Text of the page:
If you're reading this article, you must be having trouble with a feral cat. Learning how to trap feral cats is pretty simple, but it's important that you work with the correct organizations to ensure the feral cat will get the care he needs once trapped.
If you see a strange cat hanging around your neighborhood, you can't assume that it's feral. Dealing with stray cats and dealing with feral cats are two very different things. Just because a cat is seen outside and seems to be unapproachable, doesn't necessarily mean he is feral.
There are several ways to identify a stray cat from a feral cat. The two most apparent differences are their physical appearance and temperament. If you're trying to tell whether or a not a cat is feral, look for these signs:
- Check for ear-tipping. Ear-tipping (removing the tip of the ear) is a common way to indicate that a feral cat has been spayed or neutered.
- Strays look shabbier than feral cats. You might think it would be the other way around, but stray cats typically look scruffier and more un-cared for. Strays are used to living indoors and having humans care for them. Feral cats are well-adjusted to living outside with no human contact, so they've always had to care for themselves.
- Feral cats tend to look healthier than strays. Feral cats, in most cases, manage to get the nutrients they need to survive. While most people think it's the other way around, feral cats usually look healthier than strays. Feral cats are expert hunters and great at scavenging for food and finding water sources. Stray cats will struggle to find the nutrients they need, because their food and water is usually supplied by humans.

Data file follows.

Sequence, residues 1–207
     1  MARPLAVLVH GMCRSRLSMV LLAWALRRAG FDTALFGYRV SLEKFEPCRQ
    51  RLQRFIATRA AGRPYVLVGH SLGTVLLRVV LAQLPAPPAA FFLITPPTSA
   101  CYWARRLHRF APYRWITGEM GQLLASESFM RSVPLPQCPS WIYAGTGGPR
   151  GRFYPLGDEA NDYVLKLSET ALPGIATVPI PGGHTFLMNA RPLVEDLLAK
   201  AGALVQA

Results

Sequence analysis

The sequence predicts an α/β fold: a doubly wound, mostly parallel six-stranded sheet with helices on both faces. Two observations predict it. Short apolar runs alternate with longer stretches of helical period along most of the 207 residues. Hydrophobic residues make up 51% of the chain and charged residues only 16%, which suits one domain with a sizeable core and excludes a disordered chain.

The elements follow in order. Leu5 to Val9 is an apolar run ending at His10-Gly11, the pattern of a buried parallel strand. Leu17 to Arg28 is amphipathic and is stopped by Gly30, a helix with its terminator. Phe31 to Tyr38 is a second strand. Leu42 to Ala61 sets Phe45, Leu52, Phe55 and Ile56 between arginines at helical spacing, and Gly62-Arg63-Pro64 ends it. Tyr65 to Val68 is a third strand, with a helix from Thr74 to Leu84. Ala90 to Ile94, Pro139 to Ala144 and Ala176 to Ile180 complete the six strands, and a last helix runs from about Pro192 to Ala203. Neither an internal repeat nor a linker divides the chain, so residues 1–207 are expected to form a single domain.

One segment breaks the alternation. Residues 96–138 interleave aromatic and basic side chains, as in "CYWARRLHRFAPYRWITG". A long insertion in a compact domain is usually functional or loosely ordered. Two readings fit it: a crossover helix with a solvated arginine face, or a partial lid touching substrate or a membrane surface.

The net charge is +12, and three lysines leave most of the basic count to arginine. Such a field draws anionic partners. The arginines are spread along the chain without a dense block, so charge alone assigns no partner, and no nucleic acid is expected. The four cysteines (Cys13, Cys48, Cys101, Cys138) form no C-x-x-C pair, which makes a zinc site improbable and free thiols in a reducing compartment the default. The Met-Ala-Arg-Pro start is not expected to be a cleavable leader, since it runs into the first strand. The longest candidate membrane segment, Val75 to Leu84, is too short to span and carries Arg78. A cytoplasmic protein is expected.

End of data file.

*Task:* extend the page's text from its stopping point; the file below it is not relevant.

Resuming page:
Just because a cat seems skittish and looks a little thin, doesn't necessarily means he is feral. Learning how to trap feral cats is the easy part, knowing what to do once you've trapped them is a little more difficult.
How To Trap Feral Cats?
In some areas, the expert you contact may recommend that you trap the cat, have it spayed or neutered and return it to where it came from. They can give you more information on the best thing to do once you've trapped a feral cat.
I live in Maine. Typically, experts here recommend finding a shelter for them, like a barn, warehouse or storage area in need of pest control.
Many rescue organizations in our state have ‘barn cat' programs that promote the adoption of feral cats for this purpose. We have very harsh winters, and it's best to get feral cats off the streets and into a sheltered area for protection.
How To Trap Feral Cats
You'll need to use a live trap with tempting bait. I find that canned cat food works best.
If the cat is especially timid, he may not dare to enter the trap (even for extremely tempting food). You can make a food trail to try to coax him in, but you'll have to work gradually. Start feeding him outside of the trap, gradually getting closer and closer.
You can also cover the trap with a blanket or towel to make it seem dark, hidden and safe. Feral cats are all about self-preservation, so you'll need to make the trap seem like a welcoming den.
Be sure to check the trap frequently. You should be checking the trap hourly, if at all possible. You don't want the cat to be trapped any longer than necessary.
You should have contacted your local animal control officer or a shelter/rescue in your area before you even set the trap. Once caught, you'll need to contact this person/organization immediately to get the cat the help that it needs.
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